Solare cookers

Discussion in 'General Food and Foraging Discussion' started by Asatrur, Apr 17, 2011.

  1. Asatrur

    Asatrur Well-Known Member

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    Our local prepping group in Colorado got together today to build some solar cookers. We had temps of mid 60s with cloud cover and high winds, which made it challenging to get things hot, but managed to get one up to 125-130 in 20-30 mins before the winds wanted to send our ovens sailing. Here are some pics
    2 box ovens
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    Parabolic oven
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  2. *Andi

    *Andi Supporting Member

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    Thanks for posting the pictures.

    I've just started to look at solar cooking ... picked up a new book. lol
     

  3. JustAPrepper

    JustAPrepper Active Member

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    How did that oval one work out? Looks like with the right pot/pan it might work pretty well.

    We have a Sun Oven that I use a couple times a week. The only thing I don't like about it is the inside is very small and it's hard to find pans that will fit it. I happened to have some granite ware in my camping stuff that fit it well and found another little pan at a thrift store. Other than that, I LOVE it! But, planning a full day's worth of meals is tricky with only one oven so I'd like to get some kind of secondary oven...can't afford another Sun Oven at the moment.

    I have some pics of things I've cooked in it if anyone wants to see them. Kind of gives you an idea of just how versatile they can be.
     
  4. DJgang

    DJgang I put SAs on IGNORE!

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    I was thinking about painting some of my quarts jars with black paint. They are narrow and you could fit more stuff in the sun oven..do you think?

    this comes as a suggestion of a lady I found on YouTube,Wendy Dewitt, she LDS and all her food storage system revolves around solar cooking.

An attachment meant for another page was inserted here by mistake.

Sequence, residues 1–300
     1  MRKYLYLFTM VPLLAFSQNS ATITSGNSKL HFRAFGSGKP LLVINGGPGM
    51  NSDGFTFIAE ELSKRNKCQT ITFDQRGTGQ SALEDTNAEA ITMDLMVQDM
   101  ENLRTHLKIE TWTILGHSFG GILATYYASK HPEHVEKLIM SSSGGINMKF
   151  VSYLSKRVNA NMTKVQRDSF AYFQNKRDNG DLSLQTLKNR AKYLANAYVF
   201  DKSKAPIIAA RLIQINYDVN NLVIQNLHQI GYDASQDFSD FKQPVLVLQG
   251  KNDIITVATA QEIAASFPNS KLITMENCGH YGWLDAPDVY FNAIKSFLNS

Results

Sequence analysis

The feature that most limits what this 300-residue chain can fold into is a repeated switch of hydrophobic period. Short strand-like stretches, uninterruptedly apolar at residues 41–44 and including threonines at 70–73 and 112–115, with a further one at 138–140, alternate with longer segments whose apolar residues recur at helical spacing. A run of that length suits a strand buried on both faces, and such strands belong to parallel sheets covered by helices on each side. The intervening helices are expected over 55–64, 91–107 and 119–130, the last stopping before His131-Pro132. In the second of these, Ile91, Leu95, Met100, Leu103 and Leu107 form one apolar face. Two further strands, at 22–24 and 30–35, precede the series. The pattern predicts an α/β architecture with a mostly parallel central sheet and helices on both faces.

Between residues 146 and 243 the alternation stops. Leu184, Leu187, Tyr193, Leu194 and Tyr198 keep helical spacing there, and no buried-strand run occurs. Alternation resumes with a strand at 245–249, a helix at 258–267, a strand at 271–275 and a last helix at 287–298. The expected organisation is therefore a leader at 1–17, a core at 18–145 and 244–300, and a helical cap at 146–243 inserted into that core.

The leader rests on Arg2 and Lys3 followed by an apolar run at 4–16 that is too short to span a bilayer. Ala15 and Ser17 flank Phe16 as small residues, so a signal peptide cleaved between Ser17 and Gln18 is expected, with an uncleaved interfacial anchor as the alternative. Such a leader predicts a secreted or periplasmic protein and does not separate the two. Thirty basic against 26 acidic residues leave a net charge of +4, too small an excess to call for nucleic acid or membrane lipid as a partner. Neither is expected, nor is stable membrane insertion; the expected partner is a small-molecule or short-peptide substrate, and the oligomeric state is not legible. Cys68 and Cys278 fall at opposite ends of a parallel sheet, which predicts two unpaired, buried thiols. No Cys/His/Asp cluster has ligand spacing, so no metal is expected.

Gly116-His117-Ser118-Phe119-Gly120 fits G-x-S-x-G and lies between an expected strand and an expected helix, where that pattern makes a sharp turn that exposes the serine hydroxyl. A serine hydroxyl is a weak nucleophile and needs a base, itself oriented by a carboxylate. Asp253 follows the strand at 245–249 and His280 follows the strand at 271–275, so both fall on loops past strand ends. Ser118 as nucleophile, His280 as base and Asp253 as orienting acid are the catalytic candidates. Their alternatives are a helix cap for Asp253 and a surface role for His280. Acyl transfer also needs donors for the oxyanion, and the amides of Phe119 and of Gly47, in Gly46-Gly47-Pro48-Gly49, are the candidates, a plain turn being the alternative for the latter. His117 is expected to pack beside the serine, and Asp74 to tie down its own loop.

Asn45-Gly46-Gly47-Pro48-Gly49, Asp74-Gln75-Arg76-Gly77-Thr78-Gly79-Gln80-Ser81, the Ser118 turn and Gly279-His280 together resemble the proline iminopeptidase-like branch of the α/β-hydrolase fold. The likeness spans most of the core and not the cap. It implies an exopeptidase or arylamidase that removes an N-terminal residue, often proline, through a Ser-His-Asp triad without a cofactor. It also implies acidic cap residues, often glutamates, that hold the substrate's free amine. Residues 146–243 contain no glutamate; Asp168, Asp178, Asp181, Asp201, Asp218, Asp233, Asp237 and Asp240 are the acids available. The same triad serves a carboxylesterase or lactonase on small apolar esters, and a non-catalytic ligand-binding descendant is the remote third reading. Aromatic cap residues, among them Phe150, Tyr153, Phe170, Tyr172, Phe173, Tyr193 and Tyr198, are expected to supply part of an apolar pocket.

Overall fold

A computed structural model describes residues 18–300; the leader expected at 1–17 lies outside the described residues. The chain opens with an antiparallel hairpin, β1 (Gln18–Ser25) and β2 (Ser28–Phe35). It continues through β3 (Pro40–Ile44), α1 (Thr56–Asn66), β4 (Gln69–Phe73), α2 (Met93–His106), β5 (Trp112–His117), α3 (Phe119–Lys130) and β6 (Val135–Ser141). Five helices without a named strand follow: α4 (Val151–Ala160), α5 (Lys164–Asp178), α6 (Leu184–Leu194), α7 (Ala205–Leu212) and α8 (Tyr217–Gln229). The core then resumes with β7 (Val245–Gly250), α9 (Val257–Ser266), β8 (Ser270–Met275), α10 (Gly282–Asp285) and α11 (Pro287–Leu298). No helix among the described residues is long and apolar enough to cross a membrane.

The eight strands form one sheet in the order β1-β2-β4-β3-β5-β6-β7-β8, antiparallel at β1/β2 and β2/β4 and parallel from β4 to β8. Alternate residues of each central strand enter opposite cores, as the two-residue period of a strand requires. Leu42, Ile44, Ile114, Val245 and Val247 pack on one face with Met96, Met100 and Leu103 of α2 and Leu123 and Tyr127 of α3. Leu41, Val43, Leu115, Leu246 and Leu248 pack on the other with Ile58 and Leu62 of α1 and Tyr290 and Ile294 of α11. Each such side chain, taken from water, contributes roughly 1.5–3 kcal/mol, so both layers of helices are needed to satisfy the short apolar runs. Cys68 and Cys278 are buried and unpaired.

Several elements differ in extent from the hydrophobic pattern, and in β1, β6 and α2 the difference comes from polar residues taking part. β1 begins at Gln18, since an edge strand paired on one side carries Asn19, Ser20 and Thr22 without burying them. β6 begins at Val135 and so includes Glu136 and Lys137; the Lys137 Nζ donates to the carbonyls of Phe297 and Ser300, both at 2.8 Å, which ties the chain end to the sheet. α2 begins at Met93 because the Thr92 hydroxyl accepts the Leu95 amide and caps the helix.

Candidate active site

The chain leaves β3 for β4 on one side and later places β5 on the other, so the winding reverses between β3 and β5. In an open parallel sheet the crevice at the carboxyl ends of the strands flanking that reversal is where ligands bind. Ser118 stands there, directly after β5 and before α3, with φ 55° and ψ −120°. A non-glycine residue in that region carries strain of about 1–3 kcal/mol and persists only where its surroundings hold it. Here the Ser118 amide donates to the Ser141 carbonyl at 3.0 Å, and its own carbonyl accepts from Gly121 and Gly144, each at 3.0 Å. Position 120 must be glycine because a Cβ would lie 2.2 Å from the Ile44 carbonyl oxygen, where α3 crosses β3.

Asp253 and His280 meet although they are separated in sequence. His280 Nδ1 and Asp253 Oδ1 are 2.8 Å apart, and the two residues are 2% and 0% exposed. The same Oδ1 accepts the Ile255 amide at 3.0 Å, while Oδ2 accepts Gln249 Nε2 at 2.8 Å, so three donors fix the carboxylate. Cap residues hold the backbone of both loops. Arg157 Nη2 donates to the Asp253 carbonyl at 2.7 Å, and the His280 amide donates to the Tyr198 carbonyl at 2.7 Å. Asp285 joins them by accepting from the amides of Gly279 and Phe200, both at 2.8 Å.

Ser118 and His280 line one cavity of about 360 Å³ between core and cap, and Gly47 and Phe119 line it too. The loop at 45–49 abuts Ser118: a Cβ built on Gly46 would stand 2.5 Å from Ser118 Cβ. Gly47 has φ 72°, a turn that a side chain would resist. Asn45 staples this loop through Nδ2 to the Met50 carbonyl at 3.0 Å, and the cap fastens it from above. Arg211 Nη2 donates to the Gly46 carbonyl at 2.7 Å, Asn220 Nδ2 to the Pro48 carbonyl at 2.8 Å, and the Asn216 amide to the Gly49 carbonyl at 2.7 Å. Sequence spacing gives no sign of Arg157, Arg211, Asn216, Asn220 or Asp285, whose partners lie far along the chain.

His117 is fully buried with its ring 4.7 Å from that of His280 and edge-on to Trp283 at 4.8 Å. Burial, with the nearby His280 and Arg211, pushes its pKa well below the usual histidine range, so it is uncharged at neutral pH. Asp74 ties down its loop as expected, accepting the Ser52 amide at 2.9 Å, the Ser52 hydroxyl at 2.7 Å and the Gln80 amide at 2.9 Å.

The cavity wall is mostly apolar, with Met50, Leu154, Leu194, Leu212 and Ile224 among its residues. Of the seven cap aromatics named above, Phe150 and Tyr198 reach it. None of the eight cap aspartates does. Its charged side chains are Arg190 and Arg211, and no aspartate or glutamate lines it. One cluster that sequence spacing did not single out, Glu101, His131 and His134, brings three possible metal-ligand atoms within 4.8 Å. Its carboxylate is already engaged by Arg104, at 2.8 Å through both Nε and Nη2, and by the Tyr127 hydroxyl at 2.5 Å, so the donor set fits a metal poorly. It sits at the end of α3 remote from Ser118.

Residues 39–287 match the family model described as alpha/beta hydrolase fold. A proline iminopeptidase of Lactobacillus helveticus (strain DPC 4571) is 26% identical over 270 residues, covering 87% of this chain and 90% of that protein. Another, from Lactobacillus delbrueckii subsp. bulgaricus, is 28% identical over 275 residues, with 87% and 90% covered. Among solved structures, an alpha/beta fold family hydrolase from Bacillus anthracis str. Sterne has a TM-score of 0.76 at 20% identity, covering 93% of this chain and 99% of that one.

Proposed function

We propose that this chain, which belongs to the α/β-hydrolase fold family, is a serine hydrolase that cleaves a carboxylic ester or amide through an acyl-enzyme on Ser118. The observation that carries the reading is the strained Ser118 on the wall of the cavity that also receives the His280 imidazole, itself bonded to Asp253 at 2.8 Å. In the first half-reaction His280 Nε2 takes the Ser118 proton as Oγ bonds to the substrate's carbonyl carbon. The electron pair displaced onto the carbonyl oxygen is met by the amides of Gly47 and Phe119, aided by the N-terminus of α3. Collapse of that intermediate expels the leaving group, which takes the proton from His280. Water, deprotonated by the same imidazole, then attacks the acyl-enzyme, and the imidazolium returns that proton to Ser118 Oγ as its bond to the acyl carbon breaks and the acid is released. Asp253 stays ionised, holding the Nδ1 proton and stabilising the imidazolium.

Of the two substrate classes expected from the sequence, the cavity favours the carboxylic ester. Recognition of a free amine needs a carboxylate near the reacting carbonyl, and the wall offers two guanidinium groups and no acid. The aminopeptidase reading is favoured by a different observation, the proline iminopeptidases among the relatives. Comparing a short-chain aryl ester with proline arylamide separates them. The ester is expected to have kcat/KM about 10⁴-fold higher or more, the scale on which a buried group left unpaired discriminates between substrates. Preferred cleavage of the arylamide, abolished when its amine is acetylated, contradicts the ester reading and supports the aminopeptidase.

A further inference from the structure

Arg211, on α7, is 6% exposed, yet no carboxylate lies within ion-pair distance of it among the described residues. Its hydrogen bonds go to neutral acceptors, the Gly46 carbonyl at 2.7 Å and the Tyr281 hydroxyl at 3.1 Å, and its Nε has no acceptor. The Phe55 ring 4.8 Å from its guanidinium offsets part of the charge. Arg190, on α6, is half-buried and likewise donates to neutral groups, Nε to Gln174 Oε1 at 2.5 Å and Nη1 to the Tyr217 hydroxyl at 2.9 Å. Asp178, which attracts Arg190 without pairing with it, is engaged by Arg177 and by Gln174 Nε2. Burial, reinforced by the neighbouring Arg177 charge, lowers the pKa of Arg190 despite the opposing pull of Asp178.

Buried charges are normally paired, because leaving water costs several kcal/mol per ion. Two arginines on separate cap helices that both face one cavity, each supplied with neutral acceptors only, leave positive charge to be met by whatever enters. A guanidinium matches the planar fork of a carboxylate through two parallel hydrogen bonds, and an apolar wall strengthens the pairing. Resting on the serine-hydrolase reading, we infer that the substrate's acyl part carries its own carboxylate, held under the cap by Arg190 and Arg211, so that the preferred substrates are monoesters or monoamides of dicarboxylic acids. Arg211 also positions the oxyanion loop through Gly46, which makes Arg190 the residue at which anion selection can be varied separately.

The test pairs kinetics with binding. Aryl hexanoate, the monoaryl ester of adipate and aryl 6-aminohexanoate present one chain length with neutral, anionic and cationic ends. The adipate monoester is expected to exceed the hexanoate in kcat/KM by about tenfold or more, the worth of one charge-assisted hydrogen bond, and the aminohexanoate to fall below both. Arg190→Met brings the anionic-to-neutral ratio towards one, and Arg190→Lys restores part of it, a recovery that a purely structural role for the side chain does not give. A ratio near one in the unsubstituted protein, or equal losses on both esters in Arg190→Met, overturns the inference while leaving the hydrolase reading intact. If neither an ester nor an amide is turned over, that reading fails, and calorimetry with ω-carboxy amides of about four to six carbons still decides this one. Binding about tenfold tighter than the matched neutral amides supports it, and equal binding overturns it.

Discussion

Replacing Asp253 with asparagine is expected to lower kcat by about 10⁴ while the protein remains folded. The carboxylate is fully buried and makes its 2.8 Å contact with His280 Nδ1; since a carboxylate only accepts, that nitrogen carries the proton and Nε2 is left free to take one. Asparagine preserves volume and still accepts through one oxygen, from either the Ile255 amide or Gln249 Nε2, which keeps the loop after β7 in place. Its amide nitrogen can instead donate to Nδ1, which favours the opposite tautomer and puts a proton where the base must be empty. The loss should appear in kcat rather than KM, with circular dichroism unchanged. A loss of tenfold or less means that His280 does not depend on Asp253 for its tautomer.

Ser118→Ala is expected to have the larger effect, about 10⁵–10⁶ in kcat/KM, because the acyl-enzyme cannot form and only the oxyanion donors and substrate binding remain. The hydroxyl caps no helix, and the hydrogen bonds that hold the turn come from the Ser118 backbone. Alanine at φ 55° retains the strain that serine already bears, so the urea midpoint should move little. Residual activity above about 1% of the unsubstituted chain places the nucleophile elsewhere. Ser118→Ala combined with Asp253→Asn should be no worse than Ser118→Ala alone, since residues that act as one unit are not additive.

Anyway, I haven't cooked in mine yet. It was my first huge prepping buy a few weeks ago and I am sure the kids would love to try it out.
     
  5. Asatrur

    Asatrur Well-Known Member

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    If you mean the parabolic one, we did not have a chance to test them out due to time and the weather, but when our group reports back the findings, I will post them here.
     
  6. JustAPrepper

    JustAPrepper Active Member

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    I think you're really going to enjoy it.:) We've cooked bread, a Pork Roast, all kinds of things as well as several desserts. Just a tip on the roast...I have a Polder Remote Thermometer. The meat probe is on a long wire that attaches to the unit. Stick the probe in the meat, set the unit alongside the oven and you can watch it until the meat reaches the desired temperature. That way you don't have to keep opening the oven to check the meat.

    I'm familiar with Wendy. She has a free download available called Everything Under the Sun if you're not aware of it. I printed it out and have it in a binder. There's all kinds of tidbits in there as well. Definitely worth the paper and ink to print it.

    I haven't painted any of my jars yet but have thought about it. I need to ask DH if he can recommend a certain kind of paint that might work better than others. Just added that to my list of Never Ending Things To Do.:D
     
  7. JustAPrepper

    JustAPrepper Active Member